Update on Government Shutdown
Tuesday, October 15, 2013
Posted by: Traci Bannon
Update on Government Shutdown
The FBIAA has been in ongoing contact with key policymakers on Capitol Hill, and with key media, to make certain that members’ concerns about the impacts of the shutdown are being heard during these policy debates. On a daily basis we are conveying to policymakers and the media that Agents in the U.S. and around the world are continuing their work to protect this country without pay, and are furloughed if they take leave as a result of injury or sickness. We are hopeful that the shutdown can be ended soon. The FBIAA is committed to ensuring that Agents are properly compensated for the work you have done during the shutdown.
- The big question: When will the shutdown end and when will back-pay be issued?
Even though the events over the past 24 hours have moved in fits and starts, the House, Senate, and the President are closer to reaching an agreement than they have been at any point in this dispute. All parties do appear to want to end the shutdown and avoid the dire economic consequences associated with a debt default. For this reason, and taking into consideration that events are very fluid and subject to change, it is probable that an agreement to end the shutdown and extend the debt limit deal will be finalized by the end of this week. Furthermore, FBIAA has communicated with leadership in House and Senate, and both bodies are committed to legislative language providing retroactive pay to furloughed government employees in any agreement.
- Where we started on Tuesday Morning
Tuesday morning was marked by rare optimism. It appeared that Senate Majority Leader Reid (D-NV) and Minority Leader McConnell (R-KY) were on the verge of an agreement to fund the government through January 15th, extend the debt limit until February 7th, conclude budget negotiations for FY2014 by December 15th and make several relatively non-controversial changes to the Affordable Care Act (ACA). Senators from both sides of the aisle appeared poised to accept this compromise, and Reid indicated that a Senate vote could occur today.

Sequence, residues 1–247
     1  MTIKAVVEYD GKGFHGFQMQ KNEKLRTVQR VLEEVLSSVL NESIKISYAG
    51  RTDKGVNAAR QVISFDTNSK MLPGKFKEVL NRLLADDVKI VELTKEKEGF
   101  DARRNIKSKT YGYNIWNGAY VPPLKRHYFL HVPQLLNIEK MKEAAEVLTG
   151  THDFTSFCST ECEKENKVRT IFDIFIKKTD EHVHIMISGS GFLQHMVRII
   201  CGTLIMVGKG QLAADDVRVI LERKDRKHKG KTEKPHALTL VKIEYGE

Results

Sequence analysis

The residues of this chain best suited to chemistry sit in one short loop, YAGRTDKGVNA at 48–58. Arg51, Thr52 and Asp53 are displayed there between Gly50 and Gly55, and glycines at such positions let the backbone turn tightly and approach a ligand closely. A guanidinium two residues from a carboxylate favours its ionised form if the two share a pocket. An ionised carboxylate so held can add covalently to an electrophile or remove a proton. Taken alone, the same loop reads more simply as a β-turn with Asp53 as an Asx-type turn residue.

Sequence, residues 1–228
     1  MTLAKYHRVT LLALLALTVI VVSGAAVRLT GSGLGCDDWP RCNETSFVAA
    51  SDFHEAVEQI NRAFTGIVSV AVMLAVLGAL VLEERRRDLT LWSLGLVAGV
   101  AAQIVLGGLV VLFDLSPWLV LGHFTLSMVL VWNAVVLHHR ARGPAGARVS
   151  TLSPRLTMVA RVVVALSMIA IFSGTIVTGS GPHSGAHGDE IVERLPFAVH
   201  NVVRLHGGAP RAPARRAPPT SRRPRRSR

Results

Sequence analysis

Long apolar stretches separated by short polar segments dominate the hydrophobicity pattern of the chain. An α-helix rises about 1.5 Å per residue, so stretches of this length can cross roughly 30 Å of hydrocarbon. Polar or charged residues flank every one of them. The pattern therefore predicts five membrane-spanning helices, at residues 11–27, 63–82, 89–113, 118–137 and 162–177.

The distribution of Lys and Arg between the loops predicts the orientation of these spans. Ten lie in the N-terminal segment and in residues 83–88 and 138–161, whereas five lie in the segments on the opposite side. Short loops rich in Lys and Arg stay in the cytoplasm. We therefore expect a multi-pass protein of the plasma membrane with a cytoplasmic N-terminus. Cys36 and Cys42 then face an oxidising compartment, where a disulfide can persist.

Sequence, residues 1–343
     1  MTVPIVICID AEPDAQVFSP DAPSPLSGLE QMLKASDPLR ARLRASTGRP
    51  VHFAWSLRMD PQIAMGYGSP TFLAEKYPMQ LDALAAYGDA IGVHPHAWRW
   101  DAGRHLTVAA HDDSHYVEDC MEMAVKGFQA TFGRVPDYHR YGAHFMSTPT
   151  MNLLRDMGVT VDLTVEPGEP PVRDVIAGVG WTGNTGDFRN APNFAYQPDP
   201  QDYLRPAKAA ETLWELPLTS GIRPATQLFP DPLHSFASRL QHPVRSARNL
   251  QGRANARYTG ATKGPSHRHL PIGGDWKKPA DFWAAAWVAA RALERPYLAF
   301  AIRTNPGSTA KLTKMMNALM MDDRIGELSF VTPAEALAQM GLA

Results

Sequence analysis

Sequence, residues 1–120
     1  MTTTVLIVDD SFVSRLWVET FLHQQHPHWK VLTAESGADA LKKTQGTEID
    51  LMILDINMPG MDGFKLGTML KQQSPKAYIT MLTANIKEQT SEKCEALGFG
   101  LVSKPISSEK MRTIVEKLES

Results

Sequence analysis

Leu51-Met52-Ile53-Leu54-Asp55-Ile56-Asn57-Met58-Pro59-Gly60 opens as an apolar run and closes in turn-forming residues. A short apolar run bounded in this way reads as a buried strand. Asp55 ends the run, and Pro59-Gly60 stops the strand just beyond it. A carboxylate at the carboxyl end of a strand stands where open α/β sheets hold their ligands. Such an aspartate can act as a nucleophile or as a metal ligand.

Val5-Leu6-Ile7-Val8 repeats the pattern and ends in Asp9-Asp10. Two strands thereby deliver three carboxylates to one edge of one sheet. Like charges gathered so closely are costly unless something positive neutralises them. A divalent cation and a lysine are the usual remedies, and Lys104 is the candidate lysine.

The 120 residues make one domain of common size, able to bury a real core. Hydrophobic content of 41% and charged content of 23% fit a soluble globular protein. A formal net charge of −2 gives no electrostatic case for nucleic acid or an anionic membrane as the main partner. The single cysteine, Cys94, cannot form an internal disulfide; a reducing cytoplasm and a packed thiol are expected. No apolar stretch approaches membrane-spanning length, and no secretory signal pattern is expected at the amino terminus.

- A new plan from the House
Faced with the possibility of being forced to choose between the Senate plan and a possible debt default, House Republican leadership announced late Tuesday morning that the House would be considering its own legislation today. The House legislation would, like the Senate proposal, extend the debt ceiling until February 7th. However, the House proposal differs from the Senate proposal in a number of ways. For example, it would fund the government only through December 15th, it would not create a bicameral committee to negotiate FY2014 budget issues, it repeals health care subsidies for all Members of Congress and Congressional staff, and it limits the ability of the Secretary of Treasury to use "extraordinary measures” to avoid a debt default. Their proposal also includes a provision requiring that all furloughed federal employees be issued back-pay as soon as practicable.
- Reaction to House proposal
After Speaker Boehner announced his new plan of action, negotiations in the Senate were put on a 24-hour hold by Reid and McConnell. Reid indicated that the proposal would never be passed by the Senate, the White House stated that the President would be unable to support the House plan, and McConnell expressed his support for the House proposal (although a number of details in the proposal have changed since his endorsement),
The House originally planned on taking a vote on their proposal tonight, but controversy surrounding their proposal resulted in an indefinite postponement of the vote. Accordingly, it looks like the House and the Senate will be faced with the prospect of having to move very quickly tomorrow, with two likely scenarios.
1) If the House passes their legislation tomorrow, the Senate could pass the House legislation with no changes or amend the House legislation to make it consistent with the Senate proposal under consideration. The Senate could also start to take action on separate legislation. Because of procedural rules that slow Senate action, the first two options are the most likely paths to finalize legislation before the debt limit is exhausted.
2) If the House fails to pass legislation, the Senate will need to work quickly tomorrow to identify and trigger procedural maneuvers necessary for quick consideration of the Senate agreement that was put on hold. If this were to occur, it is likely that such legislation could not be enacted by both houses of Congress until Thursday at the earliest.
Tomorrow promises to be a very busy day in both the House and Senate. We will keep you updated.